Investment managers need to learn a lot about business continuity planning. The SEC not only highlights the importance of being able to access critical systems and applications during a disruption, but also the priority of effective communication.
In business continuity planning it is important to communicate with your employees before, during and after an incident. By doing so, you set the wheels in motion by creating the guidelines for the firm’s recovery.
Effective communication should include, but not be limited to:
- Accounting for employees;
- Implementing workload expectations; and
- Providing recovery status updates to employees.
Let’s take a deeper look into those strategies.
Accounting for Your Employees
At the first sign of any major disruption, accounting for your employees should be at the top of the to-do list. At the core of every product or function within a firm are the people. And ensuring those people stay safe should be one of your company’s main concerns. Ask yourself critical questions:
- Who isn’t in the office today?
- Do you have emergency contact information in case you can’t get in touch with someone?
- Were there any employees near the affected area?
A designated member of the Incident Response Team (the firm’s leaders who oversee the incident) should work with Human Recourses to track down and reach out to every employee, ensuring their safety. If employees are in an affected area, determine whether the firm will offer assistance to those in need. Accounting for employees’ safety will illustrate to employees that the priority is not only resuming business operations, but also ensuring the safety of the firm’s staff. Once employees are safe and accounted for, workload expectations should be set.
Implement Workload Expectations
Have you ever been left in the dark wondering what was happening? Leaving your employees to wonder can cause confusion about their responsibilities and next steps and ultimately lead to downtime. By reaching out to employees at the beginning stages of an incident, you are able to demonstrate the firm’s awareness and set the workload expectations for the organization as a whole.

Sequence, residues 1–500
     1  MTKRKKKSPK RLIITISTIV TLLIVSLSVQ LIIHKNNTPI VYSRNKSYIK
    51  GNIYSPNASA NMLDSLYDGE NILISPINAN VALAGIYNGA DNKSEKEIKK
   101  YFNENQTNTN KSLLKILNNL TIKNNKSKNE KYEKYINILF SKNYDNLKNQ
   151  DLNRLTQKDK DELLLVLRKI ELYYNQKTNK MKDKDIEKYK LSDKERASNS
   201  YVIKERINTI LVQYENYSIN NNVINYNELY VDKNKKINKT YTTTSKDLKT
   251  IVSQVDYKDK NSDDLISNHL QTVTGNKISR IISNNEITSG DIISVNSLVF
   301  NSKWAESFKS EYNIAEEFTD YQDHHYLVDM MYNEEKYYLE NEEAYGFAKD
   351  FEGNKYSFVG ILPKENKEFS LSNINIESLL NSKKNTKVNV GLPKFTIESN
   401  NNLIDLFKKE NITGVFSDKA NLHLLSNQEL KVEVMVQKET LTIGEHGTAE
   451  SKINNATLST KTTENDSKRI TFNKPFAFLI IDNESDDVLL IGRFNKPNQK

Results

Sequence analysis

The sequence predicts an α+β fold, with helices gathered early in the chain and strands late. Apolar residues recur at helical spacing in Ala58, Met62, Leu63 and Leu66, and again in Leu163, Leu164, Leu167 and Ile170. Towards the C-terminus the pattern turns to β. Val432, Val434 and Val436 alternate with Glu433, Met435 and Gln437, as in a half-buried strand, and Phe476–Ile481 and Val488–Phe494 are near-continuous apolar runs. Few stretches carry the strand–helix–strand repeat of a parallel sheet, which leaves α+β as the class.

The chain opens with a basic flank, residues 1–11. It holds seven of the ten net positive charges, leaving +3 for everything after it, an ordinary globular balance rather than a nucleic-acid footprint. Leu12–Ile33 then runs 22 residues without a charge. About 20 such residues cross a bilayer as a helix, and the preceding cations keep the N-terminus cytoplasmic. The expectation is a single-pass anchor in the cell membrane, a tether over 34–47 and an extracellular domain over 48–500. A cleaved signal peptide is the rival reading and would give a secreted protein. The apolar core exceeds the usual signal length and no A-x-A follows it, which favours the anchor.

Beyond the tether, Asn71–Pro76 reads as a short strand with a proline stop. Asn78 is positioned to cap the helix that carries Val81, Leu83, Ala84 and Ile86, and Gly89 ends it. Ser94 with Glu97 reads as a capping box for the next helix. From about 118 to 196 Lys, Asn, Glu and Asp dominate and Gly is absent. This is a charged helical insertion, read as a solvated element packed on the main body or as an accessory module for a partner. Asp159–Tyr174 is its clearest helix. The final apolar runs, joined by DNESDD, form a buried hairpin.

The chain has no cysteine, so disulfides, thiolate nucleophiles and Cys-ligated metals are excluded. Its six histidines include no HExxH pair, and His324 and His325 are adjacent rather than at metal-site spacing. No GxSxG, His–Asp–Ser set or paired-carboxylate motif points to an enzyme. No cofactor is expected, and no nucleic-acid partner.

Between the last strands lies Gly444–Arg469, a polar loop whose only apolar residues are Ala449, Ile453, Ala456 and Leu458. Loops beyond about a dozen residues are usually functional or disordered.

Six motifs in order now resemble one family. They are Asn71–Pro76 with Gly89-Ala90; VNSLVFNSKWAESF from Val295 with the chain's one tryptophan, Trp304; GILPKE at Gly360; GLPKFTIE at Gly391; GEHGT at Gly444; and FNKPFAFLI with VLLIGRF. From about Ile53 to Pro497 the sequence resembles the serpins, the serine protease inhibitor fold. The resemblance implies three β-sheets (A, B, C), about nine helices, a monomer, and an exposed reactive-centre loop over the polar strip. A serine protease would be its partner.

Here are some more critical questions to ask:
- Will staff be allowed to work from home?
- Is it safer to keep them in the office for the time being?
- Will you be sending employees home in waves or all at once?
Setting these expectations at the first sign of disruption will demonstrate to your employees that someone within the firm is in control of the situation and that they needn’t worry. Once these expectations are set and business operations resume, the incident response leaders should focus on providing timely updates ensuring awareness of the firm’s recovery efforts.
Providing Recovery Status Updates
By providing recovery status updates throughout the incident, employees will calmly be able to support the recovery efforts. Depending on the severity of the incident, it should be communicated to employees that these status updates will be provided in a well-timed manner.
For instance, during Hurricane Sandy, some firms set the expectation that status updates would occur every few hours. These high-level updates should include a recap of the event, what the firm knows and what response leaders are proactively doing to recover. If there are multiple offices, employees traveling, etc. those updates should be included in how they are being affected by the incident. Once the incident has been resolved, the last recovery status communication should be an incident recap.
Provide answers to the following critical questions:
- What happened?
- What did the firm do?
- How did the firm react?
- What was successful?
It is extremely important to have a communications plan outlined prior to an incident occurring. Delegating who will communicate to employees and what will be communicated is a vital piece to any business continuity plan and any firm’s successful recovery. By communicating effectively, your firm demonstrates its proactive approach to not only your employees, but external business partners as well.